Munoz v. Madden

Filing 14

ORDER Declining to Adopt Report and Recommendation [Doc. No. 9 ] and Denying Motion to Dismiss [Doc. No. 5 ]. Signed by Judge Cathy Ann Bencivengo on 5/5/2017. (All non-registered users served via U.S. Mail Service)(jjg)

Download PDF
1 2 3 4 5 6 7 8 UNITED STATES DISTRICT COURT 9 SOUTHERN DISTRICT OF CALIFORNIA 10 11 ARMANDO MUNOZ, Case No.: 16cv2447-CAB-NLS Petitioner, 12 13 v. 14 ORDER DECLINING TO ADOPT REPORT AND RECOMMENDATION [Doc. No. 9] AND DENYING MOTION TO DISMISS [Doc. No. 5] RAYMOND MADDEN, 15 Respondent. 16 17 Pending before the Court is the Report and Recommendation (“R&R”) of 18 Magistrate Judge Nita L. Stormes, filed on March 2, 2017, recommending that the Court 19 grant Respondent’s motion to dismiss. [Doc. No. 9.] On April 19, 2017, Plaintiff filed 20 objections to the R&R. [Doc. No. 13.] Respondent has not filed any reply to the 21 objections. Having considered the parties’ arguments and for the reasons stated herein, 22 the Court disagrees with the R&R and DECLINES to adopt it. Instead, Respondent’s 23 motion to dismiss [Doc. No. 5] is DENIED. 24 DISCUSSION 25 Petitioner is a state inmate challenging an institutional disciplinary action in which 26 he was found guilty of possession of drug paraphernalia. Specifically, he contends that 27 prison officials improperly found he constructively possessed drug paraphernalia found in 28 his cell and failed to identify any evidence showing that Petitioner knew the drug 1 16cv2447-CAB-NLS 1 paraphernalia was in his cell. [Doc. No. 1 at 6.] In the motion to dismiss, Respondent 2 argues that the Petition fails to state a federal claim because Petitioner is essentially 3 asking the court to review a state-court determination on a question of state law. [Doc. 4 No. 5-1 at 2.] Respondent is correct that the Petition does seek adjudication of whether 5 prison officials misapplied the criteria for “constructive possession” under California 6 Code of Regulations, title 15, section 3000 [Doc. No. 1 at 8], and whether they 7 mistakenly concluded that he was responsible for his cellmate’s property, in violation of 8 California Code of Regulations, title 15, section 3022 [Doc. No. 1 at 9-10]. To the extent 9 the Petition claims a violation of state law, there is no federal claim. Estelle v. McGuire, 10 11 502 U.S. 62, 67-68 (1991). However, a prisoner may challenge a prison disciplinary conviction by petition for 12 writ of habeas corpus if the conviction resulted in the loss of good time credits because 13 credits impact the duration of the prisoner's confinement. Preiser v. Rodriguez, 411 U.S. 14 475, 487–88, 93 S. Ct. 1827 (1973) (suit seeking restoration of good time credits was 15 “within the core of habeas corpus in attacking the very duration of their physical 16 confinement itself”). While prisoners may not be wholly deprived of their constitutional 17 rights, “there must be mutual accommodation between institutional needs and objectives 18 and the provisions of the Constitution ....” Wolff v. McDonnell, 418 U.S. 539, 556, 94 S. 19 Ct. 2963 (1974). “Prison disciplinary proceedings are not part of a criminal prosecution, 20 and the full panoply of rights due a defendant in such proceedings does not apply.” Id. A 21 prisoner's due process rights must be accommodated to the “legitimate institutional 22 needs” of a prison. Bostic, 884 F.2d at 1269 (overruled on other grounds by Nettles, ___ 23 F.3d ____, 2016 WL 4072465 (July 26, 2016)), citing Superintendent v. Hill, 472 U.S. 24 445, 454–455, 105 S. Ct. 2768 [ ] (1984). 25 With respect to prison disciplinary proceedings, the minimum procedural 26 requirements that must be met are: (1) written notice of the charges; (2) at least 24 hours 27 between the time the prisoner receives written notice and the time of the hearing, so that 28 the prisoner may prepare his defense; (3) a written statement by the fact finders of the 2 16cv2447-CAB-NLS 1 evidence they rely on and reasons for taking disciplinary action; (4) the right of the 2 prisoner to call witnesses and present documentary evidence in his defense, when 3 permitting him to do so would not be unduly hazardous to institutional safety or 4 correctional goals; and (5) legal assistance to the prisoner where the prisoner is illiterate 5 or the issues presented are legally complex. Wolff, 418 U.S. at 563–71. Confrontation and 6 cross examination are not generally required. Id. at 567. 7 In addition, due process requires that the decision be supported by “some 8 evidence.” Hill, 472 U.S. at 455, 105 S. Ct. 2768, citing United States ex rel. Vajtauer v. 9 Commissioner of Immigration, 273 U.S. 103, 106, 47 S. Ct. 302, 71 L.Ed. 560 (1927). In 10 Hill, the United States Supreme Court explained that this standard is met if “there was 11 some evidence from which the conclusion of the administrative tribunal could be deduced 12 ....” Id. Ascertaining whether this standard is satisfied does not require an examination of 13 the entire record, independent assessment of the credibility of witnesses, or weighing of 14 the evidence.” Id. at 455–56. Instead, “the relevant question is whether there is any 15 evidence in the record that could support the conclusion reached by the disciplinary 16 board.” Id. 17 Here, while Petitioner does appear to seek adjudication of state law claims, he also 18 alleges that his “right to due process was violated” [Doc. No. 1 at 6] and that there was 19 “no evidence” that Petitioner was aware of the contraband [Doc. No. 1 at 8]. Thus, 20 Petitioner has made sufficient allegations to state a federal due process claim under Hill, 21 472 U.S. at 455. Whether there was, in fact, “some evidence” to support the decision of 22 the hearing officer is a merits question that is not appropriately addressed in a motion to 23 dismiss. 24 Respondent also argues that Petitioner cites to a Seventh Circuit case that sets forth 25 a rule that has not been adopted by this circuit. [Doc. No. 5-1 at 3.] Petitioner cites to 26 Meeks v. McBride, 81 F.3d 717, 720-721 (7th Cir. 1996), where the Seventh Circuit ruled 27 that where a prison inmate produces exculpatory evidence that directly undermines 28 reliability of evidence in the record pointing to his violation of prison regulations, he is 3 16cv2447-CAB-NLS 1 entitled under due process to an explanation of why disciplinary officials disregarded 2 exculpatory evidence and refused to find it persuasive. While that specific rule has not 3 necessarily been adopted by this Circuit (see Hall v. Allison, 2013 WL 1829816 (C.D. 4 Cal. Mar. 5, 2013)), there are due process requirements regarding prison disciplinary 5 convictions under Hill and Wolff. By alleging that there was “no evidence” to support the 6 conviction, Petitioner has sufficiently pled a federal due process claim. Whether that 7 allegation can be proven is not appropriately addressed in a motion to dismiss. 8 9 10 11 12 CONCLUSION For the reasons set forth above, the Court DECLINES to adopt the Report and HEREBY DENIES the motion to dismiss. IT IS SO ORDERED. Dated: May 5, 2017 13 14 15 16 17 18 19 20 21 22 23 24 25 26 27 28 4 16cv2447-CAB-NLS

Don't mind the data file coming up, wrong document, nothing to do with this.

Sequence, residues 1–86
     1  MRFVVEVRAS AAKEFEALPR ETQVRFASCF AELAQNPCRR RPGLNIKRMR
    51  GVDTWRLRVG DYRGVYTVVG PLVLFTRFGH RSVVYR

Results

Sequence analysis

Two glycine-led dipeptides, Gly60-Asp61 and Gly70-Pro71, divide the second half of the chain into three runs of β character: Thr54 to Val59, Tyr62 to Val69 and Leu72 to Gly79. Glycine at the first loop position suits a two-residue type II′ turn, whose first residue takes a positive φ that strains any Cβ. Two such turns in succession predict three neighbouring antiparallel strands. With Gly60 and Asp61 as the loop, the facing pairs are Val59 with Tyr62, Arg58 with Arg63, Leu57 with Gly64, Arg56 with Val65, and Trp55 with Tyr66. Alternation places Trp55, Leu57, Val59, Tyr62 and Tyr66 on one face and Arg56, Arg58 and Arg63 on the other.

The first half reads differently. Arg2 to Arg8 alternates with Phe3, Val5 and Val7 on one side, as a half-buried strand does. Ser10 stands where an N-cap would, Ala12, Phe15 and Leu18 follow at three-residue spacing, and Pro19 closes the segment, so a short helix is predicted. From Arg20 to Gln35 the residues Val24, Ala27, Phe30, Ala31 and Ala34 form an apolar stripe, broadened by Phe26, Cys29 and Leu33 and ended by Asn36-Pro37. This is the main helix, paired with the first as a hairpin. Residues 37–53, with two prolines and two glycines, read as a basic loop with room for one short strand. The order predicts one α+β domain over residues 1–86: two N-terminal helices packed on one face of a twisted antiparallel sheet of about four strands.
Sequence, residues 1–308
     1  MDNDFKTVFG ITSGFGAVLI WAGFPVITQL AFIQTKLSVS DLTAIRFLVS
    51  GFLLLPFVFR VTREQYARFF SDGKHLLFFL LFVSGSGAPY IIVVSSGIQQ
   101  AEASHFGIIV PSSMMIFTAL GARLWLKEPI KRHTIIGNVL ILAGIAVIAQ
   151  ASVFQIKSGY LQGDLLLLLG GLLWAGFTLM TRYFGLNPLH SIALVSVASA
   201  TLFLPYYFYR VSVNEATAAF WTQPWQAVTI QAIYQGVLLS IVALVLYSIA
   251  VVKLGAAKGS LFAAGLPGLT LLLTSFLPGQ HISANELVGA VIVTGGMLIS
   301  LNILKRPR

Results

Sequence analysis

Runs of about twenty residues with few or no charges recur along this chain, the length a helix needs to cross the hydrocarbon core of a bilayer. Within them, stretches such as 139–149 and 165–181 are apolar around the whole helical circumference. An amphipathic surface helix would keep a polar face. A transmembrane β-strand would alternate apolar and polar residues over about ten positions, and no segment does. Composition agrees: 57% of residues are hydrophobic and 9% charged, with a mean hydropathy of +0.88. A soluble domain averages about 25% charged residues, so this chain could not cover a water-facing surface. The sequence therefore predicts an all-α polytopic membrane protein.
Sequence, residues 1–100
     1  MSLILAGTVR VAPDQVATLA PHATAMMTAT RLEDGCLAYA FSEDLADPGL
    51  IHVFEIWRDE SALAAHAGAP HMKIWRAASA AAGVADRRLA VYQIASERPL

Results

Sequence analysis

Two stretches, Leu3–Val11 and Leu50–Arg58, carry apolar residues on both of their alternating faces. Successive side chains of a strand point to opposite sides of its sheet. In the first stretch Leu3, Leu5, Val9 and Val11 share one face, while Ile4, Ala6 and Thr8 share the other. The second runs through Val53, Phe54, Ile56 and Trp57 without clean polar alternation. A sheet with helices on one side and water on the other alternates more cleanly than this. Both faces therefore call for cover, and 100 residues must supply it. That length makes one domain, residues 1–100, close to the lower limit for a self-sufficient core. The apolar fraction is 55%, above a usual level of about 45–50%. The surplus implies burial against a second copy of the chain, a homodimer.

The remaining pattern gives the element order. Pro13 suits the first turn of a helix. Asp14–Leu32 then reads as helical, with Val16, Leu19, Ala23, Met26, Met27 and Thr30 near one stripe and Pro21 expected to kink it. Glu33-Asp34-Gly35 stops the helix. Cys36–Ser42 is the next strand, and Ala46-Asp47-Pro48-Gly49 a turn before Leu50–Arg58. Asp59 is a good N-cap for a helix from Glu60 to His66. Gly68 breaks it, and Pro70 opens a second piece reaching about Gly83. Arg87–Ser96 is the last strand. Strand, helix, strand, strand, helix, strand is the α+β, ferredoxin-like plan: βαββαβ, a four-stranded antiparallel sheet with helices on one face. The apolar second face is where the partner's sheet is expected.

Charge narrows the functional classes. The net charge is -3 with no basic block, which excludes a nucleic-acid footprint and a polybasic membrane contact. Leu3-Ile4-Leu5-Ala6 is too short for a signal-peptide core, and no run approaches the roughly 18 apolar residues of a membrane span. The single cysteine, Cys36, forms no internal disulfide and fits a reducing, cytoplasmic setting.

Disclaimer: Justia Dockets & Filings provides public litigation records from the federal appellate and district courts. These filings and docket sheets should not be considered findings of fact or liability, nor do they necessarily reflect the view of Justia.

Why Is My Information Online?